Campus bullying

Bullying is a significant problem on college campuses these days. Working at Harvard, I’ve run into some of it myself. I’m not talking about the crude, “Give me your lunch money or I’ll beat you up” kind of bullying, but intellectual intimidation. If you express views that are out of line with the orthodoxy, you can be subject to serious pressures. Not even the president of Harvard is safe; Lawrence Summers was driven out of that post in 2005 for raising the possibility (not asserting as fact) that statistically slight cognitive differences might contribute to the numeric differences between men and women in the sciences.

Even your private conversations aren’t out of the bullies’ reach. In 2010, Law School Dean Martha Minow castigated a student in public for failing to dismiss categorically — in private email — the question of whether there are racial differences in intelligence. When the defense of a scientific idea consists of “You’re forbidden to think about the alternative,” the only people who’ll think about the issue are the ones who challenge it, and no one will be equipped to rebut their claim that the old idea is mere dogma.

This month, Harvey Silverglate gave three out of five Campus Muzzle Awards to Harvard. I disagree in part with his assessment of the locking of the gates last winter in response to some Occupiers; if the purpose was “keeping the outside world from seeing a political demonstration,” it only kept people from seeing how tiny it was. The lockdown was a clumsy attempt to keep outsiders from camping out on campus without dealing with the problem directly, causing serious inconvenience to legitimate visitors.

As long as I’m employed at Harvard, it wouldn’t be a good idea for me to detail my own experiences in public, but I’ve encountered the bullying attitude myself. Let’s just say that a person I have reason to worry about recently addressed the words, “I’m for free speech, but …” to me.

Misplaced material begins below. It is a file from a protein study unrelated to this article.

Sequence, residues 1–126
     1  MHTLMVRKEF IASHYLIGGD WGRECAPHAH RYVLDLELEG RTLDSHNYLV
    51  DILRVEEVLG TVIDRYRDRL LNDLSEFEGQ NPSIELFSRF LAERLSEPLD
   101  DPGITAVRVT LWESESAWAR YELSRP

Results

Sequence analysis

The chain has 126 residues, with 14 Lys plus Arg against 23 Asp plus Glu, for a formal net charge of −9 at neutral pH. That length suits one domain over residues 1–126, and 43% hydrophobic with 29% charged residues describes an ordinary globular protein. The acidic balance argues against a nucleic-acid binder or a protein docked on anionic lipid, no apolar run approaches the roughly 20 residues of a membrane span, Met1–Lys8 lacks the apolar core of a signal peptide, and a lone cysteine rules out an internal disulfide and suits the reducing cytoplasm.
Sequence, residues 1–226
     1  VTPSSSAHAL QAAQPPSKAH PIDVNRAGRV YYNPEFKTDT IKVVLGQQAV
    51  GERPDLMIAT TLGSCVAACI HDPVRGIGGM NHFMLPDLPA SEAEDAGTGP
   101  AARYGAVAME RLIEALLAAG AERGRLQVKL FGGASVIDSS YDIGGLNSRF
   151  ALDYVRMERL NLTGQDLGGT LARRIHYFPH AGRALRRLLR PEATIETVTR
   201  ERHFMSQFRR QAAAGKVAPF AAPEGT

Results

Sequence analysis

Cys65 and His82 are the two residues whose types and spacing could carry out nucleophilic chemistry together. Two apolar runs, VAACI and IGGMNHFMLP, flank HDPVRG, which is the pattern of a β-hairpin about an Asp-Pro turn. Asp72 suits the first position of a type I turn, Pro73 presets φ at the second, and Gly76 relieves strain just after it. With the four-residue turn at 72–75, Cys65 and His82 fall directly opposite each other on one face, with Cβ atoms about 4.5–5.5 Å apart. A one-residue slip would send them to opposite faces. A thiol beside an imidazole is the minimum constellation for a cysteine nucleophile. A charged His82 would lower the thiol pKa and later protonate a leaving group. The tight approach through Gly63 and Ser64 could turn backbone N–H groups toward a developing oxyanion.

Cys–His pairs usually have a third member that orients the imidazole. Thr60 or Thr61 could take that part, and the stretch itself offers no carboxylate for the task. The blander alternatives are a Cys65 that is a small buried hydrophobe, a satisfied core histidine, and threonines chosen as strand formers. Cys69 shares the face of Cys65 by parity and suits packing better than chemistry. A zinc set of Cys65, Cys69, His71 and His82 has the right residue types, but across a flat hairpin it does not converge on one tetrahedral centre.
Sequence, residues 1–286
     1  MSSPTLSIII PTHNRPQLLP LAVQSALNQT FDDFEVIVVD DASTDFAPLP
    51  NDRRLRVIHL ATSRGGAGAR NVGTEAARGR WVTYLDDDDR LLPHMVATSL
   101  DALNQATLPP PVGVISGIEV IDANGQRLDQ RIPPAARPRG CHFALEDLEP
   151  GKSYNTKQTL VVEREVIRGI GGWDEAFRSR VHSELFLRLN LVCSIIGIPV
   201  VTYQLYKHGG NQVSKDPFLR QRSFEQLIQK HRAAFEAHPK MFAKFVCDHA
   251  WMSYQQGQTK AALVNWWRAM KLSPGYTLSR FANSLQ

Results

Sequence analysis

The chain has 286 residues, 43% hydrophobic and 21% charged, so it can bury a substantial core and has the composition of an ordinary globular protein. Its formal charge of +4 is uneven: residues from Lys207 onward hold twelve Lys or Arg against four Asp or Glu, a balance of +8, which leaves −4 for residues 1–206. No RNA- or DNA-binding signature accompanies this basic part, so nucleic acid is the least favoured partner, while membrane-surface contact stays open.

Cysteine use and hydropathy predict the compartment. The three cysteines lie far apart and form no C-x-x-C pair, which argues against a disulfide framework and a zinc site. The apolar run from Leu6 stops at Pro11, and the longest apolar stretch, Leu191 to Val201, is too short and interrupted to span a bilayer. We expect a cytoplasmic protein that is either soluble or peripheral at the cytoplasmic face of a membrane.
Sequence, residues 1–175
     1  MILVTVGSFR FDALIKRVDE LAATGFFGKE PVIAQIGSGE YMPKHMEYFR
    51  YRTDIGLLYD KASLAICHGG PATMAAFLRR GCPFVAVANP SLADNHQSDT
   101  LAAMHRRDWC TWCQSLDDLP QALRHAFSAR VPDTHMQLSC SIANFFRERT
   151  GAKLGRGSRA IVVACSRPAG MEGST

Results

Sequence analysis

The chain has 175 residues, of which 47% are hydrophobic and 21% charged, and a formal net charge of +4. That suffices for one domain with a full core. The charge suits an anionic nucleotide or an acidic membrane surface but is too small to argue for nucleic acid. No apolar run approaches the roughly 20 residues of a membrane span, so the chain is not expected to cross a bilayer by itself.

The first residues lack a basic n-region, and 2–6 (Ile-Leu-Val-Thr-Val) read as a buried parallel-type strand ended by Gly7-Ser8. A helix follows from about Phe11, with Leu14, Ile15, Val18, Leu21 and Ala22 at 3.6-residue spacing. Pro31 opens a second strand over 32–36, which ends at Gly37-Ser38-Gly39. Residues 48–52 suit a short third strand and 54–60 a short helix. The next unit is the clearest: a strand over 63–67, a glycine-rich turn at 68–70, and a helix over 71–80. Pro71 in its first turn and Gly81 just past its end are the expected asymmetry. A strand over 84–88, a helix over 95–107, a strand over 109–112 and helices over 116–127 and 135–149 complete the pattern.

Even as an unusually stubborn person with money to fall back on, I can feel worried. What must it be like for an undergraduate with very little experience and hardly any money, away from home in an unfamiliar culture?

High school students picking colleges to apply to should consider the atmosphere of intellectual freedom or its lack at the schools they consider. There’s no definitive ranking anywhere; obviously people will vary on how intimidating they think practices are. It will take research. If you apply to a military or religious school, you know up front that some ideas will be encouraged or frowned upon. Maybe it’s worth putting up with, as long as you know what you’re getting into. It’s the ones full of fanfare about “academic freedom” and “open exchange of ideas” where you have to look carefully. FIRE‘s website can be a valuable source of information.

If you run into academic intimidation, the best response is a firm, calm stance. If you seem afraid, bullies of any kind will take advantage of it. If you get angry, you’ll lose. Clearly (not belligerently) pointing out that what you’re encountering is intimidation will make them worry. It’s a common trick for bullies to play victim: by saying something they don’t like, they say, you’re creating a “hostile environment.” Remind them that you are simply discussing an issue, and they’re the ones trying to make you feel afraid. Most professors and administrators are chiefly concerned with keeping their jobs and not getting into trouble themselves; your best chance is not to look like either an easy target or a threat.

Easy for me to say, I know. But it’s the best advice I can offer, and if you can carry it out, it’s your best chance.

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